Celebrating the end of Winter the Russian way in London’s Trafalgar Square.
Winter in Russia and its neighbouring countries is a cold, long, drawn-out affair. Temperatures typically struggle at around the minus 10 to 20 mark for a good three to four months. No amount of big, fluffy siberian hats can help keep the chill at bay. So naturally, once March arrives, Russians, Belorussians and Ukrainians are keen to celebrate the arrival of the sun. They do this in the form of a Maslenitsa, an annual folk and religious festival where dreadful music is played and danced to and pancakes and dumplings are consumed.
This weekend, London’s Trafalgar Square played host to its own version of the Maslenitsa and I was one of the thousands that turned up.
At the centre of the celebrations was the effigy of Kostroma, a slavic fertility goddess. Revering her and dancing around her straw-filled being is said to improve soil fertility in the spring. She was at the centre of the first performance on the big stage.
Boss-eyed Bear was also present, though his relevance to the Maslenitsa was unknown. The crowds loved him though, especially when he strutted his stuff to the sounds of “popular folk group” Balagan Limited (our favourite Balagan Limited track is on YouTube).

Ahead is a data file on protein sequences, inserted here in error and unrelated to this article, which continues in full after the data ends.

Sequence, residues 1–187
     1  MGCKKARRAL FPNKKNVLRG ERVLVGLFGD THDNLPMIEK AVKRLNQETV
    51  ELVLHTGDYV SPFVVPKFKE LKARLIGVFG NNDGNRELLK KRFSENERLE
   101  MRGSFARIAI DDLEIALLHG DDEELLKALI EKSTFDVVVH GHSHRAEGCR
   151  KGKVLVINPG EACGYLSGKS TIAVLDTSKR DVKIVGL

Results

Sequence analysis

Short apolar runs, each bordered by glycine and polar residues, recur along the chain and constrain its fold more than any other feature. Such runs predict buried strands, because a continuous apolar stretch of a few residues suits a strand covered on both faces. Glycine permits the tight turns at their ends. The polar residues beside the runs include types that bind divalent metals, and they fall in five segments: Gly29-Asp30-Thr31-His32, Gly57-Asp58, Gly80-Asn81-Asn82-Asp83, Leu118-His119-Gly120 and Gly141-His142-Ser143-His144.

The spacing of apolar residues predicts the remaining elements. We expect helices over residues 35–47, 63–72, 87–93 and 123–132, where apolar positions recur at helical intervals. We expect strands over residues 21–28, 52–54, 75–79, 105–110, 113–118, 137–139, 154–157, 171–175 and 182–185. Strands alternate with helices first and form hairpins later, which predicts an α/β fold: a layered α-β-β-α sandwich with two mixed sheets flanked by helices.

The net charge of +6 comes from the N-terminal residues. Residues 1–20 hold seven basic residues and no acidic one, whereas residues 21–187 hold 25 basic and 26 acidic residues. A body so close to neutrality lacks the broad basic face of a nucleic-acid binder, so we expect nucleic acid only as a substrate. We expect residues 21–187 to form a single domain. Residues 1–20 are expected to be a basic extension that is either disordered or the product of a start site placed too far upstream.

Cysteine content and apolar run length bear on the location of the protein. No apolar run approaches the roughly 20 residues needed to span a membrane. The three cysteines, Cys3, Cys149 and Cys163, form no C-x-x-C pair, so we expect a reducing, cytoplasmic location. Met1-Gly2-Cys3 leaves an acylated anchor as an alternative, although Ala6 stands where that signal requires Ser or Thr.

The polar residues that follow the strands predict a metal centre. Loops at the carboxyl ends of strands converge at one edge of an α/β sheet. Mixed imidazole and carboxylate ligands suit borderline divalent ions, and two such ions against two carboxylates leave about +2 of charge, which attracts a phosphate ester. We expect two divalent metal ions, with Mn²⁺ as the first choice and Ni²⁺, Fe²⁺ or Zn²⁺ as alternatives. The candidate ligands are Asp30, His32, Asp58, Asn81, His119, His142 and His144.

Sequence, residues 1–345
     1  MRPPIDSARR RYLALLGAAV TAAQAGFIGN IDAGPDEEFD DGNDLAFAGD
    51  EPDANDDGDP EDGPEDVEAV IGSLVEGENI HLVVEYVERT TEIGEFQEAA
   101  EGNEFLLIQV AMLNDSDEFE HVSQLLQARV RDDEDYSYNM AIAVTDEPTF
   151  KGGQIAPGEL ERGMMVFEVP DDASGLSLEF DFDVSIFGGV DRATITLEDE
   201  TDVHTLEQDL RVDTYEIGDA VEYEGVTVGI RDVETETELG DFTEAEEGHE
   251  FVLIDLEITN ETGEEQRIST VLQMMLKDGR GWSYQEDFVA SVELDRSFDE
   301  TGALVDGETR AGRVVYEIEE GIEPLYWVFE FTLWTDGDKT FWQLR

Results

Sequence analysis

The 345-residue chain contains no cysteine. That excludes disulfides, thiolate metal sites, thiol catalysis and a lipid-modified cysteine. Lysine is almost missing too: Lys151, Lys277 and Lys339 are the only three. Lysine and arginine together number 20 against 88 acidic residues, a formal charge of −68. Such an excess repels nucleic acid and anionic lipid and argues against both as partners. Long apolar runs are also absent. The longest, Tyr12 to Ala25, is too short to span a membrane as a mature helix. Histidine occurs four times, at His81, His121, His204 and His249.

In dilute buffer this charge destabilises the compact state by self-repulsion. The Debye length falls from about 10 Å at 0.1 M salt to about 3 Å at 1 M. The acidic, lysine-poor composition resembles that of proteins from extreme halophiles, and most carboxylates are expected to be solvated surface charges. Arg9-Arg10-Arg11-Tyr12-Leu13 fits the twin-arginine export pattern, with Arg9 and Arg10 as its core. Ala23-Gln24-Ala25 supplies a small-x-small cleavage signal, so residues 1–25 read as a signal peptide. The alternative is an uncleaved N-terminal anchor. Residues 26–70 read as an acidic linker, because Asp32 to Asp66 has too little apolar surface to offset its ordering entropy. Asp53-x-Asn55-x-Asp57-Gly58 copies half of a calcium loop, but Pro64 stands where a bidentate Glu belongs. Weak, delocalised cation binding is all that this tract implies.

There were plenty of ways to part with your cash. One stall was flogging Russian satellite tv while almost all the others sold Russian souvenirs and tat. The dolls were proving to be particularly popular.
Of course, no festival is complete without traditional food to try. And no blog post on Here To Geneva is complete without photos of said traditional food. So, here’s what I had;
To start, I had a savoury blini, a crispy deep-fried pancake filled with undisclosed meat. It was tasty, though rather greasy. Those in the UK familiar with Findus crispy pancakes will find them instantly recognisable.
Following that, a steaming cup of Borsch. It wasn’t quite what I was expecting. I’ve had Borsch in the past and it was purple and beetrooty. This though was red and oniony. I’ve since read that there are several varieties of Borsch where the amount of beetroot varies. This variety was heavy on the tomato and onion. It was like watery pasta sauce.
To finish, Pelmeni. These with like little meat-filled tortellini, though the dough was deep-fried and crispy. On top, a squirt of sour sauce that added little to the experience.
In all, it was nice to experience Russian culture for the first time, though whether it’s encouraged me to visit Russia in the future remains to be seen. If I’m promised Boss-eyed bear will show me round, you can book me a room right now.